Global Dairy Trade auction prices were steady on Tuesday night, consolidating the big gains in March.
The key whole milk powder price is now 44 per cent higher than at the same time last year.
Analysts remain confident that prices will hold or, at worst, ease only moderately heading into the new season.
Tuesday night's result was led by a 17.6pc surge in butter milk powder prices.
Cheddar was up 2.2pc, butter 2pc, anhydrous milk fat 0.8pc and skim milk power 0.6pc.
Whole milk powder was steady, while lactose was down 6.5pc.
Westpac NZ senior agri economist Nathan Penny said this result cemented the big price gains in March - with WMP up 21pc this year.
"The result beat expectations," he said.
"The futures market was pointing to a WMP fall of around 5pc immediately prior to the auction, while last week, we had pencilled in a circa 4pc fall."
Mr Penny said the bank was sticking with its NZ milk price forecasts.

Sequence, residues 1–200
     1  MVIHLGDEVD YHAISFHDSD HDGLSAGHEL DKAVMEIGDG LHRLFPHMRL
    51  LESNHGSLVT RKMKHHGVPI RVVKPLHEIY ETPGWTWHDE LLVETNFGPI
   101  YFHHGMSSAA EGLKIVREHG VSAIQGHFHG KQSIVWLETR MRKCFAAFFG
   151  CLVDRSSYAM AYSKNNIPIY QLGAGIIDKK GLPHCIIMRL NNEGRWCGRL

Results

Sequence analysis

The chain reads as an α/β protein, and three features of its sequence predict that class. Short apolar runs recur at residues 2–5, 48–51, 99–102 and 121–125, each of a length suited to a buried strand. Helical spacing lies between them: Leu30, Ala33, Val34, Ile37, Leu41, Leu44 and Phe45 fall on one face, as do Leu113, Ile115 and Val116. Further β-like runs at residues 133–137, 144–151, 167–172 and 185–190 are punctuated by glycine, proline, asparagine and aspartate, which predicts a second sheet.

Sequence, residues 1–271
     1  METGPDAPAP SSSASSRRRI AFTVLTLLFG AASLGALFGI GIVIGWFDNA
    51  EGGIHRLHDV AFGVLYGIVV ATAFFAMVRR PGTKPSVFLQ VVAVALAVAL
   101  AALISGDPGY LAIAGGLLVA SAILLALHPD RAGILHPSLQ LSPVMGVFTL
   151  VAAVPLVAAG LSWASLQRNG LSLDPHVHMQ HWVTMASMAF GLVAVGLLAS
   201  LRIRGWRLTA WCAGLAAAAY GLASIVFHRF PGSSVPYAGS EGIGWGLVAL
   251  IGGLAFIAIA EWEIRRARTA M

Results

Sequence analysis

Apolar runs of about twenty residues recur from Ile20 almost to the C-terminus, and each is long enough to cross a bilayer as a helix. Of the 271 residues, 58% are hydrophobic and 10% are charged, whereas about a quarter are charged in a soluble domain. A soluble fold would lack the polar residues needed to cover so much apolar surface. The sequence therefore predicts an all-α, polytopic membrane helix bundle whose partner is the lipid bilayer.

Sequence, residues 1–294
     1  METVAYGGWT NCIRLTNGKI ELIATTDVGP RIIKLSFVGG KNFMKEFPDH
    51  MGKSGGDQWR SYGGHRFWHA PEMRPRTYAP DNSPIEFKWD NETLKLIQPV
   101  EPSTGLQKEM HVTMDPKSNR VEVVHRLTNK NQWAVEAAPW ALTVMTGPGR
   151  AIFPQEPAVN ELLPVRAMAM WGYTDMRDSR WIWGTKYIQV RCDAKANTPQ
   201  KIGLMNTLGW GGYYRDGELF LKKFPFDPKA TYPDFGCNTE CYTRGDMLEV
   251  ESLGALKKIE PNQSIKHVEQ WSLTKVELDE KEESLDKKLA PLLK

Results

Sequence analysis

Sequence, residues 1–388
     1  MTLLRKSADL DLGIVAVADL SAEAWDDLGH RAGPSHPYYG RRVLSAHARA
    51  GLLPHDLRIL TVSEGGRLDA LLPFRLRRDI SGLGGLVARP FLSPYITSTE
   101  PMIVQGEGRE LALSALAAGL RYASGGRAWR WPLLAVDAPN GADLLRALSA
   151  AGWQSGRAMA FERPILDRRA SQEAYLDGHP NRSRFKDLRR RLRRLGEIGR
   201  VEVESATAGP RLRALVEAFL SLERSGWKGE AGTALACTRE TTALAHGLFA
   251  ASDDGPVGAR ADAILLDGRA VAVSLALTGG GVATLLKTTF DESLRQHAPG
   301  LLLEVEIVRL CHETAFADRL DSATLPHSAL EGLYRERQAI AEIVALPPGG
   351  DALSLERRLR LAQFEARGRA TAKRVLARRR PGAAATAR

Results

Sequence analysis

It saw some potential upside to those prices, based on the recent price surge and the fall in the New Zealand dollar against the US dollar in the past few weeks.
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ASB economist Nathaniel Keall the auction was another strong result, given the lofty highs prices had already reached.
Longer-date contracts covering the third quarter were still trading at a high level.
"It's a sign that prices have a bit of momentum into the next season," he said.
"Recent price gains have been led by strong demand from China, but this auction saw other regions return to the party.
"With stockpiles not keeping up with rising consumption, and shipping fears continuing to weigh, the 'North Asia' region (a proxy for China) has dominated recent auctions, driving April's price gains.
"This auction saw Chinese buyers take their foot off the accelerator, but other regions (particularly South East Asia and Oceania) stepped into the breach, keeping prices supported.
"The auction suggests aggressive Chinese purchasing is likely to ease further, at least in the near term."
Mr Keall said the flat future contract pricing and other regions re-entering the market meant there was unlikely to be a sharp correction in prices.
"But we see prices easing further over the next auctions," he said.
"Still, strong post-pandemic global demand and softer Northern Hemisphere production should keep prices from falling too far."
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